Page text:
Shallow earthquakes are caused by stresses in the top plate. Shallow earthquakes are more widespread, occurring almost everywhere throughout New Zealand (especially the Bay of Plenty, East Cape to Marlborough, and Alpine Fault). However, Northland, Waikato, and Otago are relatively stable. Canterbury had been without a major earthquake in recorded history until the Mw 7.1 Canterbury earthquake on 4 September 2010.
A Map showing the distribution of earthquakes in New Zealand can be obtained from Te Ara: The Encyclopedia of New Zealand. Current earthquake and volcanic activity can be obtained from the GeoNet website.
An allochthon is land that formed elsewhere, and slid on top of other land (in other words, the material of an enormous landslide). Much of the land of Northland and East Cape were created in this manner. Around 25–22 Ma, Northland and East Cape were adjacent, with East Cape near Whangarei. Northland-East Cape was an undersea basin. Much of the land that now forms Northland-East Cape was higher land to the Northeast (composed of rocks formed 90–25 Ma). The Pacific-Australian plate boundary was further to the Northeast, with the Pacific Plate subducting under the Australian Plate. Layers of rocks were peeled off the higher land, from the top down, and slid Southwest under the influence of gravity, to be stacked the right way up, but in reverse order. The last rocks to be slid across were slabs of oceanic crust, mainly basalt. Widespread volcanic activity also occurred (23–15 Ma), and is intermixed with the foreign rocks. East Cape was later separated from Northland and moved further south and east to its present position.
Much of New Zealand was low lying around Mid Eocene-Oligocene times (40–23 Ma). Swamps became widespread, forming coal. The land subsided further, and marine organisms produced limestone deposits. Limestone of Oligocene-Early Miocene age formed in many areas, including the King Country, known for the Waitomo Glowworm Cave. In the South Island, limestone is present in Buller, Nelson, and the West Coast, including the Pancake Rocks at Punakaiki in Oligocene-Early Miocene times (34–15 Ma). Many of New Zealand's limestone deposits were formed in relatively cool seas.
When a plate is subducted under another plate, it causes melting in the mantle, the layer of the earth below the crust, and produces a volcanic arc, composed of mainly andesitic and rhyolitic volcanoes in New Zealand, but often widely varying in composition depending on the type of island arc. Andesitic eruptions tend to form steep stratovolcanoes, including mountains such as Ruapehu, Tongariro and Taranaki, islands such as Little Barrier, White and Raoul Islands, or submarine seamounts like Monowai Seamount. Rhyolitic eruptions with large amounts of water tend to cause violent eruptions, producing calderas, such as Lake Taupo and Lake Rotorua. Basaltic volcanoes tend to form at intra-plate hot spots. Basaltic eruptions tend to be fairly placid, producing scoria cones and lava flows, such as the volcanic cones in the Auckland Volcanic Field, although Mount Tarawera's violent 1886 eruption was an exception.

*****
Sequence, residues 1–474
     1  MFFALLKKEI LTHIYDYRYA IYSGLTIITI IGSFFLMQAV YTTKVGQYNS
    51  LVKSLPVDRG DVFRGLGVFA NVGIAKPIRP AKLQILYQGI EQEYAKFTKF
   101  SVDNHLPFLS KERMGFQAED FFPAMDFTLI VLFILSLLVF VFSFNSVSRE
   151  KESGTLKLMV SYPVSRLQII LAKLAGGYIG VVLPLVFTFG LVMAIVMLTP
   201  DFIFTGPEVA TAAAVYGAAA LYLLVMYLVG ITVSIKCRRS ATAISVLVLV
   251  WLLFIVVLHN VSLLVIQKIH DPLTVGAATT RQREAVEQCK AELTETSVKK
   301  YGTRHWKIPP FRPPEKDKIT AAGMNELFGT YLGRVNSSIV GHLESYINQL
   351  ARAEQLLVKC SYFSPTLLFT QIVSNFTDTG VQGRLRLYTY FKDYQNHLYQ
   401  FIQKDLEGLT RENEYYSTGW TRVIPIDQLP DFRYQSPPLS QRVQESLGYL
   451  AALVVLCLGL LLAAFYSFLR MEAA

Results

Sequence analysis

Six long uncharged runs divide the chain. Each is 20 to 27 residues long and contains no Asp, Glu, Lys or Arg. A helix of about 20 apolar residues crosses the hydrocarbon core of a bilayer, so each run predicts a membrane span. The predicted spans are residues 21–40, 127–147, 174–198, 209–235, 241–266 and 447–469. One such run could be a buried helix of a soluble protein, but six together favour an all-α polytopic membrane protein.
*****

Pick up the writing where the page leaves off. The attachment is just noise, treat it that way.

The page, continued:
The South Island has no currently active volcanoes. However, in the late Cretaceous (100–65 Ma), there was widespread volcanic activity in Marlborough, West Coast, Canterbury and Otago; and in Eocene times (40 Ma), there was volcanic activity in Oamaru. The most well known Miocene volcanic centres are the Otago and Banks Peninsulas. The Otago Peninsula near Dunedin was built up by a series of mainly basaltic intra-plate volcanic eruptions in Miocene times (16–10 Ma). This has resulted in the formation of Port Chalmers. Banks Peninsula near Christchurch was built from two mainly basaltic intra-plate volcanoes in Miocene times (12–6 Ma and 9.5–7.5 Ma), corresponding to the Lyttelton and Akaroa Harbours. Southland's Solander Islands were active around 1 to 2 million years ago.
The North Island is home to both old and currently active volcanoes. Over time, volcanic activity has moved south and east, as the plate boundary moved eastward, and the place where subduction changed from the Pacific Plate to the Australian Plate moved south.